Swaranjit Singh Khalsa came to the city in 2010, not long after finishing up graduate school in New Jersey. Although the native of Punjab — a state in northwestern India — had obtained a master’s degree in computer science, he instead ended up in business as the owner of the Norwichtown Shell station. Drivers would […]
Swaranjit Singh Khalsa came to the city in 2010, not long after finishing up graduate school in New Jersey.
Although the native of Punjab — a state in northwestern India — had obtained a master’s degree in computer science, he instead ended up in business as the owner of the Norwichtown Shell station.
Drivers would stop at his station, he said, but when they saw him and the turban on his head, they’d make a beeline for the gas station next door.
“I said, ‘There’s something wrong,’” Singh Khalsa said. “‘Maybe we should come outside.’”
It wasn’t much later that he held his first Sikh awareness day, right there at the station. Dozens of people — local residents, police officers, historians — showed up.
That, he said, was the “icebreaker.”
“That was the start of my interaction with the community,” he said. “After that, people were coming in, helping out, asking me to tell them more about my religion and where I came from.”
An award he received Wednesday at the 10th annual Interfaith Spiritual Wellness Fair — the FBI Director’s Community Leadership Award — symbolizes how far-reaching his efforts have been in the years since.
The recognition is granted yearly to 56 people — one for each of the FBI’s field offices.
In April, he will travel to Washington, D.C., where he’ll receive a tour of FBI headquarters and will be celebrated along with the other award recipients during a ceremony.
The vetting process for the award is extensive, according to FBI Community Outreach Specialist Charles Grady.
A community or law enforcement agency nominates the person. A special agent in charge reviews and narrows down the nominees. Members of the FBI conduct interviews to learn how much of an impact the person has made.
Singh Khalsa, Grady said, was chosen for his work with the U.S. Attorney’s Office and the FBI to help educate law enforcement officers about cultural differences in Connecticut.
“It’s all about the willingness of an individual to go over and above what’s asked and bring people together from all walks of life,” Grady said. “He was the clear choice.”
Sikhism, a monotheistic religion that emphasizes compassion and service to others, was formed in the 15th century, when divisions by caste and color produced inequality at its worst.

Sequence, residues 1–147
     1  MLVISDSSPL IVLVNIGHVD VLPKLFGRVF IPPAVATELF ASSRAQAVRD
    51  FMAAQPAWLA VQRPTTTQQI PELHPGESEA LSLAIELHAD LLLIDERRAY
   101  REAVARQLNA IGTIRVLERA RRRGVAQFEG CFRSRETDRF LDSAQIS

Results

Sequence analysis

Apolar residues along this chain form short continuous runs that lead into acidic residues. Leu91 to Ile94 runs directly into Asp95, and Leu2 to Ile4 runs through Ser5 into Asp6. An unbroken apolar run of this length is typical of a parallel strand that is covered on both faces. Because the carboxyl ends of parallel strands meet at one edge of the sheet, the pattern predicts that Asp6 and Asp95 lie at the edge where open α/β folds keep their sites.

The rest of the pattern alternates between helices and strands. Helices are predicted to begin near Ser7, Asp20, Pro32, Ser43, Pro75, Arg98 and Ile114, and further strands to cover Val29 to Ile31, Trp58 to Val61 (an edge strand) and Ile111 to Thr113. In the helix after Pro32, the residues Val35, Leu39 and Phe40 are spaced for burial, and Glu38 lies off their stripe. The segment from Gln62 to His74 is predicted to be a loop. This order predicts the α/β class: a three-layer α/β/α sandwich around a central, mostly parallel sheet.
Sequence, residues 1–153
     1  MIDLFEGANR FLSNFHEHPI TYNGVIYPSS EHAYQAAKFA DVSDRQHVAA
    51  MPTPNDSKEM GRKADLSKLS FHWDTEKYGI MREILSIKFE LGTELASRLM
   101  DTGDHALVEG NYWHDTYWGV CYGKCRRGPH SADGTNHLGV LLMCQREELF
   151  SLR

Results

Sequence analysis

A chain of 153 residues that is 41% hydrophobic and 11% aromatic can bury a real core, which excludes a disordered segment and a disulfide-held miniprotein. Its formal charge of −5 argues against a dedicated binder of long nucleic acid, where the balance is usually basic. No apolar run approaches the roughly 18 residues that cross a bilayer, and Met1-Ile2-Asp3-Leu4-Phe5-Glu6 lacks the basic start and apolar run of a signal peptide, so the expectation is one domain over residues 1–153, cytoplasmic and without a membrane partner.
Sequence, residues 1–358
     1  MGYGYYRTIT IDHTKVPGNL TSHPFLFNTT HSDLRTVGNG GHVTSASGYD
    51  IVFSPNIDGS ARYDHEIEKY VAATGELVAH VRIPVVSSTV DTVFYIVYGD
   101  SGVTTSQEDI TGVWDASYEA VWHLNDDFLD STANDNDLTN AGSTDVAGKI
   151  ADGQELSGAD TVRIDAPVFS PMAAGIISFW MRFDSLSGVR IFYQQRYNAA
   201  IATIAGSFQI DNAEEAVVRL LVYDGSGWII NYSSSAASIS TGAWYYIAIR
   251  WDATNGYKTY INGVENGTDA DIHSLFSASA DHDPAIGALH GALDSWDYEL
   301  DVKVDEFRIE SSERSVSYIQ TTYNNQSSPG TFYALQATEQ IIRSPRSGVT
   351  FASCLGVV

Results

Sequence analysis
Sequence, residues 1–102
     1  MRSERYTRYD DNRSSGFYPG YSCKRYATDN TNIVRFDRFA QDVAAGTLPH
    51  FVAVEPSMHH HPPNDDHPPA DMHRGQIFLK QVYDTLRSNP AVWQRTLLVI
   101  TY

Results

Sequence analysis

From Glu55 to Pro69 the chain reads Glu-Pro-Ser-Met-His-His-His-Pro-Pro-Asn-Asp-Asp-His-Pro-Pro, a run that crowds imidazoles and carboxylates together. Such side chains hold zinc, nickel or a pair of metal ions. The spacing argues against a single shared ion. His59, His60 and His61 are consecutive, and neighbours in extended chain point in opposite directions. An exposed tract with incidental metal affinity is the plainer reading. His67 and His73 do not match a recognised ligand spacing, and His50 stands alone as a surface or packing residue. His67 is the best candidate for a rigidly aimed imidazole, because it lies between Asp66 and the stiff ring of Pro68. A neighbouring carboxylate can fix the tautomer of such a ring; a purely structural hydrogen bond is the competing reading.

All were invited to join the religion, Singh Khalsa explained. All could bear weapons — a right previously reserved for kings, emperors and other powerful people. All Sikh men were given the middle or last name Singh, which means lion, while the women adopted Kaur, or princess.
“This religion was made to create equality among people,” Singh Khalsa said.
In Connecticut, the Sikh population has been growing for years, Singh Khalsa said. He pointed to the number of temples in the state — there were three, now there are five — as easy evidence of that.
But Sikhs, whose long beards confuse some into believing they’re Muslims, have been the targets of hate crimes across the country, including the August 2012 mass shooting at a Wisconsin temple that left six Sikhs dead and four wounded.
“Sometimes it’s just the fear of the unknown,” Singh Khalsa said.
That’s part of why he got involved educating officers about not only Sikhs, but also Muslims and Arabs.
For example, he said, one of the five articles of faith all baptized Sikhs are required to wear is the Kirpan, an iron dagger that varies in size.
It’s meant to be symbolic of the struggle between good and evil, and those wearing it don’t consider it a weapon any more than those who wear a cross consider that a torture instrument.
By being educated about such things — as well as about common greetings for people of varying faiths and cultural backgrounds — officers can respond professionally and earn the trust of those who are different from them.
“When we learn, we can say, ‘Oh, they’re no different than us,’” Singh Khalsa said. “They might look different, but their values are the same. Once we have that feeling among everyone, I think it will be a good thing.”
Singh Khalsa said he largely stays away from talking politics but said education is more important than ever, and that the leader of the country sets the tone, so if they are sending a message of hate, that’s what will be spread around.
During Wednesday’s event at the Southeastern Mental Health Authority, he joined members of more than 25 faiths, as well as representatives of nonprofits and people involved in healing practices, such as acupuncture detoxification.
There, he told some of the more than 500 expected guests about Sikhism, and how Sikhs have made strides to be able to do things such as serve in the U.S. military while retaining their religiously mandated beards and turbans.
Many presenters, including Valerie Smith of the Old Saybrook Baha’i Community, said they hoped attendees would come away with a new understanding of other religions.
“I hope they learn to appreciate other religions, to get to know other religions and maybe to not fear other religions,” she said. “I think that’s really important.”